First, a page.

One of the most common dental problems in adults is gum disease. The troubling part is that because it often develops so slowly and doesn’t have any obvious symptoms early on (pain), it may go on unnoticed until it gets serious.
The immune system’s response to bacteria is what causes gum disease, but it may not be how you would think. Inflammation, which is a common symptom of periodontal disease, occurs when your immune system is trying to fight off harmful bacteria and are promoting the repair of damaged tissue. Stress also speeds up this process, because it weakens your immune system and allows bacteria to spread more quickly and easily.
Some positive facts about gum disease:
Specifically for Periodontal disease where “Peri” means around, and “odontal” means teeth, this is typically an infection in the parts around your teeth. These parts can include gums, ligament, or even bone. In early stages, bacteria in dental plague affects the gums and slowly develops towards your tissues in later, more severe stages.
Some common risks that may be associated with gum disease include:
A good habit to have is to maintain a daily hygiene routine to thoroughly brush/floss your teeth. Consult your dentist for tips to ensure you are doing it right and personalizing it to your mouth structure.
Symptoms of Gum disease (What to look out for)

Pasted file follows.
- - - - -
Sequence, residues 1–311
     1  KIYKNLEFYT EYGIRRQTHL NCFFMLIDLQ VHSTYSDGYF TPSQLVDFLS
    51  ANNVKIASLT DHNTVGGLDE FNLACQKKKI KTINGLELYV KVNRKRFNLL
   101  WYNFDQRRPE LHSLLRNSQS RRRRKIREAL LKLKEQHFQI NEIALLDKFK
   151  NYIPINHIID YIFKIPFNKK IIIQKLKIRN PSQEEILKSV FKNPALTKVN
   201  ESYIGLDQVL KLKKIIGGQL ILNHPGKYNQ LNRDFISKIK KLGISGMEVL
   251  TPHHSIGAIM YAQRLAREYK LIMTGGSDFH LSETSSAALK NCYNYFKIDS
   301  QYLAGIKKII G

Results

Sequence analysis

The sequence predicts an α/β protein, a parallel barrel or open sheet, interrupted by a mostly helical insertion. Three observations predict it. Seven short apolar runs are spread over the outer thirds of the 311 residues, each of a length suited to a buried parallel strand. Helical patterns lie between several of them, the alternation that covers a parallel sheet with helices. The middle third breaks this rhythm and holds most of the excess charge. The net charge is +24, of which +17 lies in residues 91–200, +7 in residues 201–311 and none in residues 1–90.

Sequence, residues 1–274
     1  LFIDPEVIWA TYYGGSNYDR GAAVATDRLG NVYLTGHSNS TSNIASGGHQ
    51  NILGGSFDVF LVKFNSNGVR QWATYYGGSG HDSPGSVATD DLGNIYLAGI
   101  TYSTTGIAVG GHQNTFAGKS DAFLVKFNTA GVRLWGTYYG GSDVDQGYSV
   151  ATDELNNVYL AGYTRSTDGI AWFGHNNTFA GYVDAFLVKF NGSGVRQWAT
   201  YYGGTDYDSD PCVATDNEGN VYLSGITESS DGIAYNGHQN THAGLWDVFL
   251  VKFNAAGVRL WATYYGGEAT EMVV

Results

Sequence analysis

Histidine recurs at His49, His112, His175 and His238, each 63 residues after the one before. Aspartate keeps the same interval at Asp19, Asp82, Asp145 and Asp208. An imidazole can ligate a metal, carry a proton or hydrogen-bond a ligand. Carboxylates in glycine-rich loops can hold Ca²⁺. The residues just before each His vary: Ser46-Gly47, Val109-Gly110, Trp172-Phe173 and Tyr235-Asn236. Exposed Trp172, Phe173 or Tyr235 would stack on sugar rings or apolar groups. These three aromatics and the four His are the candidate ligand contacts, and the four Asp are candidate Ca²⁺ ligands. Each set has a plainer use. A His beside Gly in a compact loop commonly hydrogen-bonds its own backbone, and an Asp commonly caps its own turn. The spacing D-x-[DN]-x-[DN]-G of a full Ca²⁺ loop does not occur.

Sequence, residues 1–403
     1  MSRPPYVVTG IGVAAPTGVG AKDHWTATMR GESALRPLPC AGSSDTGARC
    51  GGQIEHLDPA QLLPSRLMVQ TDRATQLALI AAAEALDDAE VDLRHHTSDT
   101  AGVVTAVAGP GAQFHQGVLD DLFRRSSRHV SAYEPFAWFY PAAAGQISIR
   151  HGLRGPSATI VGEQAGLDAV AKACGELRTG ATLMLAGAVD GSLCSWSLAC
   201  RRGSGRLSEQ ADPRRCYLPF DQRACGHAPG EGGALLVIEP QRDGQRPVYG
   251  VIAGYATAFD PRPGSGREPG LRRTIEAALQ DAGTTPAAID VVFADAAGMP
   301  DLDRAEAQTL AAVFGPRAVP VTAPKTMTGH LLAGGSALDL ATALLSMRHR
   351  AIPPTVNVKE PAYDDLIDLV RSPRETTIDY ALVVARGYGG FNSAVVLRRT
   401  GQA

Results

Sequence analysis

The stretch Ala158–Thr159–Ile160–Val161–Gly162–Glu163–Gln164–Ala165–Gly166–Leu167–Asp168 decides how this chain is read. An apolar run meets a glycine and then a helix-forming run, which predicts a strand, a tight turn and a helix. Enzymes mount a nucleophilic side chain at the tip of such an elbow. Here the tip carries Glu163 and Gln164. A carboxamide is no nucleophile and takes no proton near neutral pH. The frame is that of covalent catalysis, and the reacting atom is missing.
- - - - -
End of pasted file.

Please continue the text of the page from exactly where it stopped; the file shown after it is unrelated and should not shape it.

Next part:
If you encounter any of these symptoms during your daily routines, make sure to contact your dentist right away for an opinion and checkup. They will be able to physically and visually evaluate your tissues and check to see whether or not your gums are showing any signs of disease. Bone structure can be evaluated through the use of X-ray. Gum diseases is one of the leading factors for why seniors lose their teeth. This is due to the gum wearing away and losing its ability to hold your teeth in place.
After checking your condition with your dentist, you may be referred to a periodontist, a specialized dentist in the treatment of periodontal diseases. They typically have an additional 3-4 years of additional university education and training compared to a regular dentist, specifically in the field of treating and restoring bone and gum tissue lost from disease.
Some examples of typical treatments to expect include: